Follow the Leaders
I recently came across a terrific article in CEO World Online Magazine written by Leo Bottary. Leo frequently writes for the magazine, and he is listed to be a member of the External Advisory Board (EAB) there. He is a staunch advocate for peer groups, and I follow his work closely.
Still, there is a nuance within a recent post about CEO roundtables where we differ.
In his post “The Power of We Begins with You,” he writes: “After four years of helping new and experienced peer advisory groups squeeze the most value out of their time together, two findings have consistently emerged. First, the strength of the overall group rests in the hands of its members. Second, there are three things members can do to up their game to everyone’s advantage: Show up. Step up. Follow up.”
I liked his explanation about showing up, writing in part: “If you believe that 80% of life is about showing up, then understand that to be an outstanding member, it’s that and then some.” Stepping up is about being prepared and bringing your A-game.
The Follow Up action is where I begin to disagree with him, but I do see where he is going. His example is based on a scenario where advice is given in a roundtable session.
Our roundtable meetings at VA Council of CEOs are purposely designed not to function that way. Giving advice is forbidden.
“Learning to participate in a group [using Gestalt Language Protocol] takes effort and practice, but it’s essential for creating a safe, rewarding experience. By avoiding advice, VA Council of CEOs peer roundtables allow CEOs to connect more deeply, creating more opportunities for growth.”
Scot McRoberts, Executive Director, VA Council of CEOs.
All VACEOs Roundtables adhere to a set of ground rules by which the group must abide. Chief among them is strict adherence to a code of confidentiality and Gestalt Language Protocol.
“The Gestalt Protocol is based on the theory that as children we were always told what to do by our parents,” explains Mo Fathelbab, Forum Resources Network president and author of Forum: The Secret Advantage of Successful Leaders. “As a result, adults – especially entrepreneurs – resent being told what to do by anyone.”
The guiding principle of the protocol is to never give advice but to share related experiences instead. Participants are careful to avoid phrases such as “If I were you…” when another group member presents his or her challenge.
Learning to participate in a group this way takes effort and practice, but it’s essential for creating a safe, rewarding experience. By avoiding advice, VA Council of CEOs peer roundtables allow CEOs to connect more deeply, creating more opportunities for growth. (Read more here.)
One thing is clear to both Leo and me. Peer groups that are confidential, highly structured, and based on trust is a powerful tool for the small business owner.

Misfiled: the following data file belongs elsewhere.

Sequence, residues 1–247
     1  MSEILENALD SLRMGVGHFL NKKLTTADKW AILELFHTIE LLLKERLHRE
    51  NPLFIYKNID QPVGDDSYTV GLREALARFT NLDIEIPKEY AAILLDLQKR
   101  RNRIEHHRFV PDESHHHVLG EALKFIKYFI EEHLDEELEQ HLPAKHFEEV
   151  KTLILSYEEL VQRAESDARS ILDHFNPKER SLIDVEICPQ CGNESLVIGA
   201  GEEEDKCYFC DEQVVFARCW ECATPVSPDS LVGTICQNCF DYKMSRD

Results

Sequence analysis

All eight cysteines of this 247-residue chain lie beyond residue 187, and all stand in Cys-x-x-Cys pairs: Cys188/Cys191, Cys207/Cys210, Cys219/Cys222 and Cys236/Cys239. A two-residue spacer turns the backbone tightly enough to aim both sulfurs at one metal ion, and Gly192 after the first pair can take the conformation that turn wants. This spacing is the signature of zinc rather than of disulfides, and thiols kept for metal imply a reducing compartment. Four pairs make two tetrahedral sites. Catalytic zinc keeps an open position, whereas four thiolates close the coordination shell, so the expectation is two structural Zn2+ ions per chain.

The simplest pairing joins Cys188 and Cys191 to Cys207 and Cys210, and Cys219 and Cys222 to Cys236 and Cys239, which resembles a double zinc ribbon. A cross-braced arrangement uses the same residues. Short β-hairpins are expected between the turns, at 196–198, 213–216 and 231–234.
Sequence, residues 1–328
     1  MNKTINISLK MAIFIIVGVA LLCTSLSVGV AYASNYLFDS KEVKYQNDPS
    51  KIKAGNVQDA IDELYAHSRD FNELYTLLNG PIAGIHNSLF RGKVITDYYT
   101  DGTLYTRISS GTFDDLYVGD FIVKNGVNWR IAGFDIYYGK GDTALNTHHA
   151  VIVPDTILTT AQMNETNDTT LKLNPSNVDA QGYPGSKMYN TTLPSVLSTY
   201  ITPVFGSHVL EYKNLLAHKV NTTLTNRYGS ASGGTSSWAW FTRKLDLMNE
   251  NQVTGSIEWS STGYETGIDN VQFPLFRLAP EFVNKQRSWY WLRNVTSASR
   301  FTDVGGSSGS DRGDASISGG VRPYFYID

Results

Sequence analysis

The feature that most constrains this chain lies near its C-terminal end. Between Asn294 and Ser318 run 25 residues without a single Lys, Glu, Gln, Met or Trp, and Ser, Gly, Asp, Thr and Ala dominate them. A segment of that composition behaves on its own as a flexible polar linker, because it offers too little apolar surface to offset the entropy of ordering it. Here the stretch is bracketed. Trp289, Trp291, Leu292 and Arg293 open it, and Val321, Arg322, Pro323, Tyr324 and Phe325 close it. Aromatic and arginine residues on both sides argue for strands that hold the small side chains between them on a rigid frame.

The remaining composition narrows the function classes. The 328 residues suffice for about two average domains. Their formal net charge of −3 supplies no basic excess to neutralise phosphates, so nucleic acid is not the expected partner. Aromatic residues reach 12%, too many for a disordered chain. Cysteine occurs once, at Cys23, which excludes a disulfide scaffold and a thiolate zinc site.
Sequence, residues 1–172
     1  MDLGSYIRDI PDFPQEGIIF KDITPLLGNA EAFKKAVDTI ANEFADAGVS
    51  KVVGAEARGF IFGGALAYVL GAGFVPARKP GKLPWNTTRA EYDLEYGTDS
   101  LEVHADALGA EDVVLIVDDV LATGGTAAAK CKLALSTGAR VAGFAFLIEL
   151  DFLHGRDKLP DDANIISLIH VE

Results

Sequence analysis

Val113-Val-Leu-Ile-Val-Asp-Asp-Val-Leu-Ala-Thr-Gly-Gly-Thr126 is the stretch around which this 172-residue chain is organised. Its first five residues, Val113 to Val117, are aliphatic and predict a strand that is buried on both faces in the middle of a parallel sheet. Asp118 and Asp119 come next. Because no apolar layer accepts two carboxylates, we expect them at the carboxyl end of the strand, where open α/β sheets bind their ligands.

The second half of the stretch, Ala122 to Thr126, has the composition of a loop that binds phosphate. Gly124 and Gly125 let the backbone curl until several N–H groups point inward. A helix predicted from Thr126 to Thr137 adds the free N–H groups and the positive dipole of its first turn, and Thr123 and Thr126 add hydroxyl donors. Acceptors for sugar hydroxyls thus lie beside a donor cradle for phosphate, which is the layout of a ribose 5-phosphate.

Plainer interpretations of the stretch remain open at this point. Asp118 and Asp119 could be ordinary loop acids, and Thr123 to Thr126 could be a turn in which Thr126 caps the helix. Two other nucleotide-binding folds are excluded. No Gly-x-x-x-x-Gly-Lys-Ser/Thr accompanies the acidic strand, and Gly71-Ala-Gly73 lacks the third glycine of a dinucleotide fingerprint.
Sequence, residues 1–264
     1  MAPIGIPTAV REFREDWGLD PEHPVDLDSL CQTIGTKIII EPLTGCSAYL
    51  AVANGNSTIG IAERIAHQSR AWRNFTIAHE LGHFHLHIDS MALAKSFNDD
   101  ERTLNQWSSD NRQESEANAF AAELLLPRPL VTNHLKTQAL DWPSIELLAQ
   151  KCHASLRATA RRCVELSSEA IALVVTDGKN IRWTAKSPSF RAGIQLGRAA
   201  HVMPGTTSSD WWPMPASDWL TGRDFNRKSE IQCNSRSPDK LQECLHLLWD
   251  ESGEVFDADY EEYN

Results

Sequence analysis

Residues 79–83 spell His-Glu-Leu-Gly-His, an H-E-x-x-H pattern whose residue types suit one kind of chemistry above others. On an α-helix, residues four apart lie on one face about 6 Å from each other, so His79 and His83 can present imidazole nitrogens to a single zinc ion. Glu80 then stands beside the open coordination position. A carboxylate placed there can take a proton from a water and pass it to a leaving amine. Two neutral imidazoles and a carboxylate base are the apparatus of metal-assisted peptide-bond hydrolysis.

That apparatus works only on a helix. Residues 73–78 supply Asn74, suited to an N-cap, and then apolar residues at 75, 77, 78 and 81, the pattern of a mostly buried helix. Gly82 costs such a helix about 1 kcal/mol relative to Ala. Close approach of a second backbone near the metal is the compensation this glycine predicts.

Said one VACEOs Member but echoed by many: “I was looking for a peer group to help guide me as I tried to guide the firm to places we’d never been before. And I can honestly say it’s been one of the best things I’ve ever done.”
Does it take commitment? You bet. Those who choose to join a peer advisory organization understand it’s an investment in their professional development that will generate a worthwhile return.
Or, as Leo so eloquently writes in his post: “The reason you’ve been invited to enjoy the privilege of being part of a peer advisory group is because there is an expectation you will bring value to the other members. You’re not there to fill a seat; you’re there to make a difference. Once you accept that responsibility as seriously as how you see your role at your own company, you’ll be on the path to receiving the kind of incalculable value you can only get from a group of your peers.”
I could not agree more!
You can read Leo Bottary’s post here.
About the Author
Scot McRoberts is the executive director of the VA Council of CEOs (VACEOs). One of the original co-founders, he has led the organization’s growth from 20 members in 2000 to more than 200 today. Utilizing a best practice model for the Council’s CEO roundtables and a dogged focus on its core purpose of connecting CEOs for the purpose of sharing experiences, McRoberts has developed an association that boasts 90% retention. Before coming to VACEOs, Scot was a senior executive at the Greater Richmond Chamber of Commerce, where he led business councils, small business programs, and business retention efforts.
Loved your piece. That said, my point about follow-up does not conflict with the Gestalt method. I actually prefer that method because it tends to support psychological safety more effectively.
My point is that if members share experiences (not advice) with me, and I come to my own conclusion regarding next steps and declare my intentions to the group, then I should follow l-up with the group to let them know how I fared. It not only helps keep me on task to do what I stated I wanted for myself, but also because if I did not follow up, it’s likely a lost learning opportunity. To me, this is the bigger problem.
I say this to underscore that we’re actually in violent agreement.
Violent agreement! I love that. Your point that peer group members should follow up, or report back, to the group is a good one. It provides a further learning experience for everyone, and shows respect for time and effort of all involved. This is not standard for our 23 CEO peer groups now, but I will be working on building it in. Thanks Leo!